It’s been an honor to write these poems over the last 15 days—all in service to the Larry Levis Scholarship fund at Fresno State. It’s an honor, too, to write alongside Fresno poets Monique Quintana and Joseph Rios. Thank you to all who have been able to pitch in and donate to this phenomenal cause. In community, we are creating a life-changing possibility for writers in the future, writers who will house experience in language, stanza by stanza, in ways we have never experienced before. I look forward to their verses in years to come. And all of that will be made possible by you. By each of us pitching in what we can so that the world might shine a bit brighter than it already does. Thank you for that.
I woke up and made some coffee this morning, then took my dog out for a walk. As I set out to write this last installment for the Fresno 15, I wanted to include a shout-out to my mentor and friend, poet Corrinne Clegg Hales. Connie, as she’s known, has been (since I was about 20) a life-long influence. Everything I write is in some way written with the hope that she might read it, that she might nod to herself and think—that’s it, that’s it right there. I am in imperfect vessel for the wisdom and knowledge she has shared with me, but with each poem I write I hope to make her proud. I’ve lifted a short phrase (‘…the dense, pressed asphalt…’) from her amazing poem, “1967, Girl and Snow.” As always, Connie’s work and presence in this world helps me find my own.
The Field at Night
The field has turned to silence in the hours after the game, the grass slowly unfurling itself after embracing the weight of a player in motion, or perhaps something much heavier, the weight of the moment itself, when the center fielder dove parallel to the earth and was suspended for a brief instant before landing in the grass with the ball caught just in the webbing, that last out of the game, that’s what the grass has been gently lifting back into the air once more, where midnight leans its shadows toward dawn, the stadium lights turned off at the breakers, the bleachers empty and picked clean by the hunger of birds, then swept and cleaned again by bored attendants listening to music only they could hear, the parking lot emptied of the last car as the dense, pressed asphalt resumes its pooling meditation on ink, and the last birds have gone off to roost with their heads tucked into a wing, the crowd itself having driven home, the window blinds of their houses pulled down, lamps switched off, some of them having drunk themselves into a stupor approximating sleep, while others, restless, sweating feverish in their beds, carry some measure of history in their bodies as they dream, while most fall into the deep silence of the body itself, there in the dreamless gulf of sleep, falling deeper into themselves hour by hour while a few, only a very few, make love, late, the sheets crumpling at the edge of the bed like clouds furling high in the atmosphere above, the bodies of these lovers glowing with what they discover in one another.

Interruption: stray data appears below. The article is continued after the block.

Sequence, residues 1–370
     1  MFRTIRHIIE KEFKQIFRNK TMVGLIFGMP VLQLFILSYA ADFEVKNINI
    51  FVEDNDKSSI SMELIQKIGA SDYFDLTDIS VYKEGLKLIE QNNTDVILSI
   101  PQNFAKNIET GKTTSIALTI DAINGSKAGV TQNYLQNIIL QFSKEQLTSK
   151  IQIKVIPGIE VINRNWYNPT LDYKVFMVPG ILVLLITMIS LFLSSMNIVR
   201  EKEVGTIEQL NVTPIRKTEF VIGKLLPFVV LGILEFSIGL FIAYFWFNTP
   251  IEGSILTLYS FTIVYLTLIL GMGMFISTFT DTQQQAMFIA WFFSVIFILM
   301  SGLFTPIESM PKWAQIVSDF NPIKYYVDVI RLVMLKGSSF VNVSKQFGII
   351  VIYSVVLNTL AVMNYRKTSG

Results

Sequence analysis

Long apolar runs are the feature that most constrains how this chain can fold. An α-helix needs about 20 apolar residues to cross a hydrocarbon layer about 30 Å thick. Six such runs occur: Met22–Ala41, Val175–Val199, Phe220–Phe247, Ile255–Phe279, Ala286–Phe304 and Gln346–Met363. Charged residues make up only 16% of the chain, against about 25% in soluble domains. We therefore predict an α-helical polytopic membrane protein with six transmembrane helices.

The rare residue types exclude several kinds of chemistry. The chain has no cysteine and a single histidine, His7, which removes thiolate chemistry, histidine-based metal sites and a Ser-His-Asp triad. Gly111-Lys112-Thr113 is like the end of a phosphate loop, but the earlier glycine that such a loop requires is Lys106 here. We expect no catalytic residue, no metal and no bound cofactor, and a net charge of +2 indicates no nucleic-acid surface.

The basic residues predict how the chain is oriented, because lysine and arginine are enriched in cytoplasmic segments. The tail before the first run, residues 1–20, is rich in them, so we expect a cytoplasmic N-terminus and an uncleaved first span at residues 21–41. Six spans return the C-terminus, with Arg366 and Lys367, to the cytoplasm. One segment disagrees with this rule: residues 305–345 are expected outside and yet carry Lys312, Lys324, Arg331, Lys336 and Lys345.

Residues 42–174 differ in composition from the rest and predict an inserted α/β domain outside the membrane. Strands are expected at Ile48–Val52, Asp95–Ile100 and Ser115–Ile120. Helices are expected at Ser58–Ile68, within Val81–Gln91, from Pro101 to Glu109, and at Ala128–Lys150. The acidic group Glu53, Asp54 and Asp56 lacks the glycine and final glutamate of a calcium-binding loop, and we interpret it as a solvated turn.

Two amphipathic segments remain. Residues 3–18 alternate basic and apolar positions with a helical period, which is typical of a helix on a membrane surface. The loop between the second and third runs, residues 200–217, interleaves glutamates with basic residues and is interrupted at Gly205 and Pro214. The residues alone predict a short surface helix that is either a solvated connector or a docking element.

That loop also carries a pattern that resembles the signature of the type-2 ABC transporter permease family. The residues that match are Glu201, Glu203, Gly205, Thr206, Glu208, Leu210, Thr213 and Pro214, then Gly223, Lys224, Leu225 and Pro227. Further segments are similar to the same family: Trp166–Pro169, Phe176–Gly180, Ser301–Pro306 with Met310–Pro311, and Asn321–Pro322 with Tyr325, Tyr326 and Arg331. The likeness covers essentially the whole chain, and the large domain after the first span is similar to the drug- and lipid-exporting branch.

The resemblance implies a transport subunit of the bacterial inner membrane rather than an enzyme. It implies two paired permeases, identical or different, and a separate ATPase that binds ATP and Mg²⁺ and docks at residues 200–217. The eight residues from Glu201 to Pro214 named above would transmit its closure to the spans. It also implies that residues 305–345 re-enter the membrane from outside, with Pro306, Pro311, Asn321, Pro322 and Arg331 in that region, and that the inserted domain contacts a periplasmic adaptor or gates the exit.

In the stadium, here at the edge of the modern world, the infield grass gathers its dew as the tiniest drops of moisture begin to form at the tip of each blade, small translucent globes that shimmer with moonlight inside of them, and if one were to lean in close, kneeling as if in a sacred place, with knees forming hollows into the soft wet ground, the palm of each hand flattened on the cool turf, whisper close, it might appear as if tiny apparitions moved there, weightless, suspended within a medium of water, where infielders lean forward as the pitcher winds up in the stretch, these tiny ghosts who need only moonlight in a world given a breath-held hush, who need only to be granted enough light to see by, and here they are, returning, the grass at their feet, their cleats digging in, the game in motion once more.
And how could it be any other way? Time reels itself forward and back. This is something the game knows well. Because baseball is a game played by the living and by the dead. We hear it in the breeze carried over the corn in Dyersville, or as it trembles through the walnut trees in Visalia. When we sit in the stands and watch the game together, we are made young again, we are reminded of the passage of years, our bodies gathering the decades as the past whispers to us, and through us, even if we can’t quite hear it, history calls out on our tongues just as it calls out over the treetops and the rooftops of the world, where the wind carries the last echoes of the crowd on its feet. How could it be any other way? It’s why we invented the game to begin with—so that we might live, here, right here, in the great stadium of memory.